Posts tagged elected officials
Philip Howard’s Not Accountable Focuses on Reform of Public Sector Unions
January 24, 2023 // Philip K. Howard, chairman on the nonpartisan, nonprofit reform group Common Good, examines the phenomenon of public sector unions and how they rose to power in his new book Not Accountable: Rethinking the Constitutionality of Public Employee Unions. The short answer is that public sector unions are shielded from the market forces that keep private sector unions in check—a government agency is not in danger of going out of business. Public sector unions also have an in-built advantage when it comes to bargaining. Management is typically an elected official who needs the union’s help at election time and fears having it as an enemy. Public sector unions can in effect be represented at both sides of the bargaining table, Howard notes. Unions have these advantages to insulate themselves from any criticism or challenges to their power while warping public policy to their will. It’s a sobering read. The unions pressure the government to devote more public funding to bolstering the workers, diverting funds that would otherwise go to public services or maintenance of public infrastructure.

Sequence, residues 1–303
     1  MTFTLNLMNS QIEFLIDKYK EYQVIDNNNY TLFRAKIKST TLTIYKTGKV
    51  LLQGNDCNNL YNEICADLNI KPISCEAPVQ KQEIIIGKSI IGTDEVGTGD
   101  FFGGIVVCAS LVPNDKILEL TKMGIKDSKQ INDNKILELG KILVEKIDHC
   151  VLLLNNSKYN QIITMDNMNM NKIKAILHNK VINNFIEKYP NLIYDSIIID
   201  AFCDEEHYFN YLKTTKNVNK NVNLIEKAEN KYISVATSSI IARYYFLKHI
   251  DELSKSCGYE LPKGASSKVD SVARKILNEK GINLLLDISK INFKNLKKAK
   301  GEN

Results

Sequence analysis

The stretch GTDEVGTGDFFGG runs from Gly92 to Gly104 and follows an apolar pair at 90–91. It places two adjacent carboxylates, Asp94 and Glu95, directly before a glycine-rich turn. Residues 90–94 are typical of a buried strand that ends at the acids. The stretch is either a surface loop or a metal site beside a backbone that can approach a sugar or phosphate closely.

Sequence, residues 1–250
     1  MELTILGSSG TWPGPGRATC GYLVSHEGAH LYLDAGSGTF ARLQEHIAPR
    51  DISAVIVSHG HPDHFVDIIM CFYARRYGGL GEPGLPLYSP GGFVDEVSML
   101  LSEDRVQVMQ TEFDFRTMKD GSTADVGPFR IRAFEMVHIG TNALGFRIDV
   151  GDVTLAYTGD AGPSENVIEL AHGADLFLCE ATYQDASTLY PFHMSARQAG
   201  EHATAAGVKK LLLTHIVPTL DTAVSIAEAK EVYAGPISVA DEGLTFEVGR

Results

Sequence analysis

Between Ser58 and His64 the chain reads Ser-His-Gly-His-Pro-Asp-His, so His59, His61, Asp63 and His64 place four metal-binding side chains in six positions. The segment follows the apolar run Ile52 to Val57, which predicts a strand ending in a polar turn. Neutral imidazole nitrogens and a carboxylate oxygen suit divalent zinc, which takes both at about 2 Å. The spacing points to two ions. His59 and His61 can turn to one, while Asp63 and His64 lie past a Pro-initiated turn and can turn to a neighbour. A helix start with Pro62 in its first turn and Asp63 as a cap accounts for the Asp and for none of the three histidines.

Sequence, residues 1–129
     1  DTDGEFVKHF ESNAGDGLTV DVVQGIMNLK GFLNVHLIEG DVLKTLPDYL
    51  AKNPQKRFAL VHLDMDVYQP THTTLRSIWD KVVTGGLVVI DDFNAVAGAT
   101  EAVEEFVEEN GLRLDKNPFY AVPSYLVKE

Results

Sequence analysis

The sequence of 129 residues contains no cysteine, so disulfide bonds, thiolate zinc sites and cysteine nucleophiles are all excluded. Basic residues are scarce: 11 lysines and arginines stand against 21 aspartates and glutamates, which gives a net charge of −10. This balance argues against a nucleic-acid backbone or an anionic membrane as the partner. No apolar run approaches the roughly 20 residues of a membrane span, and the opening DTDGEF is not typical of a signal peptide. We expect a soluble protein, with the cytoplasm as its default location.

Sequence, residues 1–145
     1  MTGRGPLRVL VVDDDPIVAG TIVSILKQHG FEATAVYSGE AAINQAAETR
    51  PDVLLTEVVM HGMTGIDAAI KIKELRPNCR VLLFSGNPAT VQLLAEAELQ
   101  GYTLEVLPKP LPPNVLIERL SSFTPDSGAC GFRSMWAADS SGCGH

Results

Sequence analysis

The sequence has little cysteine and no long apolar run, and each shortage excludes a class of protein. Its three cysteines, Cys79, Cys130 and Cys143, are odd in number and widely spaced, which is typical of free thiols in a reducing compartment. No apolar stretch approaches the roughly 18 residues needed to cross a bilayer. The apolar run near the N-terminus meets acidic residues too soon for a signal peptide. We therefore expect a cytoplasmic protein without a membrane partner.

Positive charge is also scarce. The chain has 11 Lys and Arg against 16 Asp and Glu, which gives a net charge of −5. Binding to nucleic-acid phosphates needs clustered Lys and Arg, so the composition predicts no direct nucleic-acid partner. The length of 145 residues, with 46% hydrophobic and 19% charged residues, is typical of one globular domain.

PUBLIC-EMPLOYEE UNIONS USE RED TAPE TO OBSCURE THEIR DECEIT
March 29, 2022 // Read the fine print in your union membership agreement and you’ll find it’s filled with exceptions and loopholes intended to undermine the clear intent of the U.S. Supreme Court’s 2018 ruling in Janus v. AFSCME, which identified forced union membership or dues as a violation of the worker’s First Amendment rights.
Act 10 Savings Tops $15 Billion Since 2011
March 27, 2022 // Before the unions convince you that contributing 12.6% towards health insurance is an unfair and undue burden, think about this. A state employee in Wisconsin pays $2,952 a year for the regular family plan with dental. According to the Kaiser Family Foundation, the average annual worker premium contribution is $6,015 a year. State employees pay roughly half of what the average taxpayer pays for health insurance and the state employee is receiving platinum coverage for that reasonable amount.